Gregory Elinson

Climenko Fellow and Lecturer on Law

2020-2021

Biography

Gregory Elinson studies the political economy of public law. Much of his research examines how political parties shape the separation of powers, administrative law, and legislative process. A separate strand of scholarship traces the varied ways the U.S. constitutional system has responded to the demands of groups and social movements representing the interests of racial minorities. His work draws on a variety of methodologies: the political scientist’s emphasis on path dependence and causal inference, the lawyer’s doctrinal toolkit and sensitivity to the structure of legal institutions, and the historian’s facility with archival data.

Greg’s work has been published in several leading peer-reviewed journals, including Law and Social Inquiry and Studies in American Political Development. Before joining the Climenko program, he was an associate in Kirkland & Ellis’s Chicago office, where his practice focused on commercial and appellate litigation. Greg clerked for Judge David Barron on the U.S. Court of Appeals for the First Circuit and Judge Gary Feinerman on the U.S. District Court for the Northern District of Illinois. He holds a J.D. from Stanford Law School, a Ph.D. in Political Science from the University of California, Berkeley, and a B.A. from Harvard College.

Areas of Interest

Ruth Bloch Rubin & Gregory Elinson, Anatomy of Backlash: Southern Leaders, Massive Resistance, and the Supreme Court, 1954-1958, 43 Law & Soc. Inquiry 944 (2018).
Categories:
Government & Politics
,
Discrimination & Civil Rights
Sub-Categories:
Civil Rights
,
Discrimination
,
Race & Ethnicity
,
Supreme Court of the United States
,
State & Local Government
,
Judges & Jurisprudence
,
Courts
,
Congress & Legislation
,
Politics & Political Theory
Type: Article
Abstract
Exploiting a range of archival materials, we argue that state‐level variation in judicial backlash to Brown was as much the result of strategic choices by southern political elites as it was the ingrained prejudices of the region's white voters. Presenting case studies of massive resistance in Mississippi, Louisiana, Virginia, and Arkansas, we show that elite agency profoundly shaped the patchwork development of grassroots resistance to integration across the South. These findings challenge the prevailing view that backlash to Brown signaled the unequivocal triumph of racial conservatives. Rather, we argue that the region's response offered individual members of the southern elite significant autonomy to direct massive resistance in their home states. We also argue that southern lawmakers were responsible for the South's embrace of popular constitutionalism post‐Brown, and thus that it may not have been “popular” at all. We conclude that studies of judicial backlash would do well to reevaluate the assumption that backlash is necessarily a grassroots phenomenon.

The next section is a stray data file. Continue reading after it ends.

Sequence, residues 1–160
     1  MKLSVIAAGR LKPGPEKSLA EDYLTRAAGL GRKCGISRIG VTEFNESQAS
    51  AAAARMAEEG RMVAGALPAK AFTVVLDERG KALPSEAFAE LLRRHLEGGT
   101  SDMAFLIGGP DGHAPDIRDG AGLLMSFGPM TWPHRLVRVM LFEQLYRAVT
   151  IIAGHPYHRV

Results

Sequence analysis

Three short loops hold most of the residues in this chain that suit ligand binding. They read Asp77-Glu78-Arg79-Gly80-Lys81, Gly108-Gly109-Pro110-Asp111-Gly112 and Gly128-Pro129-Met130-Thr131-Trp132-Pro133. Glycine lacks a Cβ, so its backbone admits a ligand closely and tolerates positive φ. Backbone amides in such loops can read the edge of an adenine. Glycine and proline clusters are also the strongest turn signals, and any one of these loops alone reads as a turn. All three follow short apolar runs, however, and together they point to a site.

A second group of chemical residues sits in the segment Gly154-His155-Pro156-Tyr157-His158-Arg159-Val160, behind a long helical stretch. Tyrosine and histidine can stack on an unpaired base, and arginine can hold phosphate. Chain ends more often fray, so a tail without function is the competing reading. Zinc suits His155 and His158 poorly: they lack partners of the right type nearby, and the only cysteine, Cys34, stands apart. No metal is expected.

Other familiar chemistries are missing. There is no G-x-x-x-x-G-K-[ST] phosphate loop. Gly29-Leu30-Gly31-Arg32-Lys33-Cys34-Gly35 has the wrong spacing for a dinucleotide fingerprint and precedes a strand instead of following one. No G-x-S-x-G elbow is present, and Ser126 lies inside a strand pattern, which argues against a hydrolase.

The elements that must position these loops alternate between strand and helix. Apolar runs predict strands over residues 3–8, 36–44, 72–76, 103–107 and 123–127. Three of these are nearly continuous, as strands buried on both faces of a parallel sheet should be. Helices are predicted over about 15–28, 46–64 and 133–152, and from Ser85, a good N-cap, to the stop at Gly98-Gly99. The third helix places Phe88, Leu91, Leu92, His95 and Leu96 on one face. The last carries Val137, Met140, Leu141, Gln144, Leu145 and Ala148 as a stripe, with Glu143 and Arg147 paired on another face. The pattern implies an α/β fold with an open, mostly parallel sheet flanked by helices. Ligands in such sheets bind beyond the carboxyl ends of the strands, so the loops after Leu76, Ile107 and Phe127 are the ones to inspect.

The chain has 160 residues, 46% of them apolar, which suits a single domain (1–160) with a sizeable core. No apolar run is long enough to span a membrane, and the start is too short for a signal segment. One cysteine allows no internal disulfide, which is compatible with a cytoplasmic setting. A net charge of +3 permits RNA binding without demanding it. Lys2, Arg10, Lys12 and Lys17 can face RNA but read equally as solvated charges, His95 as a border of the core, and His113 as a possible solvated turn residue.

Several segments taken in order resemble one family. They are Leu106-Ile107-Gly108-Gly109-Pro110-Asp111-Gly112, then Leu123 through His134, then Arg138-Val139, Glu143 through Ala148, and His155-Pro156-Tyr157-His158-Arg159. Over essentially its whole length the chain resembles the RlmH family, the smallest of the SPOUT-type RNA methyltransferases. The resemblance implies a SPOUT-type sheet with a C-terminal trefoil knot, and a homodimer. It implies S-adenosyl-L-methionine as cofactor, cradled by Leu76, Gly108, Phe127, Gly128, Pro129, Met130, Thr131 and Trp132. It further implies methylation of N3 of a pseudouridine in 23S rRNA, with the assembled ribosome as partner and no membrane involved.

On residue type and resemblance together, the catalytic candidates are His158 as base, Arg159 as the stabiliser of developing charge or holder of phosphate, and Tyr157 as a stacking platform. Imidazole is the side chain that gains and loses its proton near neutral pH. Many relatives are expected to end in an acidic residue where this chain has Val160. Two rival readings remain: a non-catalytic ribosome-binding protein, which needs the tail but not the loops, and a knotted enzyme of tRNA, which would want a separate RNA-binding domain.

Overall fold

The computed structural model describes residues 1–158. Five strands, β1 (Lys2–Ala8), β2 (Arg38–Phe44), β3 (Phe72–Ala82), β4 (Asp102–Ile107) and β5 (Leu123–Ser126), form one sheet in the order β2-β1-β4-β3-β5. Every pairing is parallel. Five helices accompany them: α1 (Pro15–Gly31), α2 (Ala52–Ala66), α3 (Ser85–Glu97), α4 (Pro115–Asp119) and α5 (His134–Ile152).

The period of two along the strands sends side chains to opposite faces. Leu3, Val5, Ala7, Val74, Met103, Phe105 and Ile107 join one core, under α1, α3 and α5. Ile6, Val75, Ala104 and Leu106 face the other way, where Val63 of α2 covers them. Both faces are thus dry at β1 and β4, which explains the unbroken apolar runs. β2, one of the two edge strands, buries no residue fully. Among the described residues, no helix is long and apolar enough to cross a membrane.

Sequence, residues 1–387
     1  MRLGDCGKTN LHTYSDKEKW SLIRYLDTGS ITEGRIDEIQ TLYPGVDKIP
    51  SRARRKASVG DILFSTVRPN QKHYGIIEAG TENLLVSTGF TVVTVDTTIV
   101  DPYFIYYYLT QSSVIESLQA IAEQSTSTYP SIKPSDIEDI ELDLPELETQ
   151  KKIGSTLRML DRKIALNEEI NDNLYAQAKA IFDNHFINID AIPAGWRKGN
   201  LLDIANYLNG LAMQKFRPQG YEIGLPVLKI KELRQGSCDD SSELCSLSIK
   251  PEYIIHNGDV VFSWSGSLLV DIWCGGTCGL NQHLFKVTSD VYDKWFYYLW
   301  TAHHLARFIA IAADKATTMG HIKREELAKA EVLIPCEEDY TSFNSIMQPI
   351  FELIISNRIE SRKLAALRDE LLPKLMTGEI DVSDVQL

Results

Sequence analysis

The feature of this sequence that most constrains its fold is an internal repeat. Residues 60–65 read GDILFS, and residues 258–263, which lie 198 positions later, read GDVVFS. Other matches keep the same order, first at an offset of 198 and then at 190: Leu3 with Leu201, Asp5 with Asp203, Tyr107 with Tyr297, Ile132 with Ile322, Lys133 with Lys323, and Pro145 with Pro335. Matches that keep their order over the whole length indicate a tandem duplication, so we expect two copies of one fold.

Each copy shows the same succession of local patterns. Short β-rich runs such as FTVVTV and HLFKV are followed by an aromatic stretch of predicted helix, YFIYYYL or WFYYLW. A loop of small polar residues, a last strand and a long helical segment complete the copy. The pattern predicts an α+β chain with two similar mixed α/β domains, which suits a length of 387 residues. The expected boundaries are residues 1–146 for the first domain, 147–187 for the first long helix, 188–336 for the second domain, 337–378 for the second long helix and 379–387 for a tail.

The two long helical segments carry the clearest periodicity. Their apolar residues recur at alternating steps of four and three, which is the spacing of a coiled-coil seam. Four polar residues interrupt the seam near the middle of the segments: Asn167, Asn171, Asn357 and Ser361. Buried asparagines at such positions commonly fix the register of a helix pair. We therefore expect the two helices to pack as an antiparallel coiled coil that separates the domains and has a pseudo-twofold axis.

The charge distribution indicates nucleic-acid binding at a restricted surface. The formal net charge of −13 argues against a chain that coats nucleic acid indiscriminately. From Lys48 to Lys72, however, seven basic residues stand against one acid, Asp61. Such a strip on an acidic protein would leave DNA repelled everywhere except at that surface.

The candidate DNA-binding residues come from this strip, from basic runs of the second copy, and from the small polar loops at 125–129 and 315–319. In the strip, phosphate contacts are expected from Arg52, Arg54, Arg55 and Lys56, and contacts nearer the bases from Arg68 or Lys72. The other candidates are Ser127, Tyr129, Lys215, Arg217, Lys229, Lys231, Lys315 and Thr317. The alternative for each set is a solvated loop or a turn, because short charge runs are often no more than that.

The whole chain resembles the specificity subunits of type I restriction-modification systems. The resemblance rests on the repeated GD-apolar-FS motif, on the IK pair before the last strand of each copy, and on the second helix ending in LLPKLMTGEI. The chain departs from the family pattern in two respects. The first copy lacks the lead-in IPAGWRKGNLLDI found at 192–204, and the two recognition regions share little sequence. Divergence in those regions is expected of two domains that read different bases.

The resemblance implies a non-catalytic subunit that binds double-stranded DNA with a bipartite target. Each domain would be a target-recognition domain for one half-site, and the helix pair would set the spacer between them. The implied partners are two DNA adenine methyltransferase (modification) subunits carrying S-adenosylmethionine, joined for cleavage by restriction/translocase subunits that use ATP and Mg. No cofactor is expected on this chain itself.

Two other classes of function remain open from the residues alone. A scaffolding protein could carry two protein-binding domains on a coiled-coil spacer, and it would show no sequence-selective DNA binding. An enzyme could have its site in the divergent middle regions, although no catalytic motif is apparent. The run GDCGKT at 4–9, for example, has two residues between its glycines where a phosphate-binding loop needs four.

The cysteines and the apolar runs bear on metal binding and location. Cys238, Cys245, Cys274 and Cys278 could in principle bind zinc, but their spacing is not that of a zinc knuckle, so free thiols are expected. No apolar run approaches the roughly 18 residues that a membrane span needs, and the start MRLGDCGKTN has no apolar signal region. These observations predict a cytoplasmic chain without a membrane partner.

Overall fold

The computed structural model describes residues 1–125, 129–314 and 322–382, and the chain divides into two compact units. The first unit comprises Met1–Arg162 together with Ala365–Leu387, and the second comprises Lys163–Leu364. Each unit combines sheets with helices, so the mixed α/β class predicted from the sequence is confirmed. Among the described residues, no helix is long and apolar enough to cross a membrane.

Gregory Elinson, Judicial Partisanship and the Slaughterhouse Cases: Investigating the Relationship Between Courts and Parties, 31 Stud. Am. Pol. Dev. 24 (2017).
Categories:
Government & Politics
,
Constitutional Law
,
Discrimination & Civil Rights
Sub-Categories:
Fourteenth Amendment
,
Race & Ethnicity
,
Judges & Jurisprudence
,
Politics & Political Theory
,
Courts
,
Supreme Court of the United States
Type: Article
Abstract
Scholars of judicial behavior have persuasively demonstrated that parties profoundly influence the elaboration of judicial doctrine, but have paid more limited attention to understanding how courts can transform the content of party agendas. In this article, I argue that judges can work to deliberately define the issue positions adopted by the political parties with which they are affiliated. I contend that judges can, like other political actors, use the tools of their office to further explicitly partisan goals. Although they may employ traditional modes of legal reasoning, judges may nevertheless craft their decisions in ways that prioritize certain party principles over others, interpret the law in ways that knit together the beliefs of divergent factions within their party coalition, articulate principles to guide the party's incorporation of new issues, and, in some instances, begin to outline a coherent ideological vision for the party. I develop this theory through a close examination of the Slaughterhouse Cases, regularly cited as a core building block of the American constitutional canon.
Robert A. Kagan & Gregory Elinson, Constitutional Litigation in the United States, in Constitutional Courts in Comparison: The U.S. Supreme Court and the German Federal Constitutional Court (Ralf Rogowski & Thomas Gawron eds., 2d ed. 2016).
Categories:
Constitutional Law
,
Government & Politics
Sub-Categories:
Supreme Court of the United States
,
Judges & Jurisprudence
,
Courts
Type: Book

Education History

Current Courses

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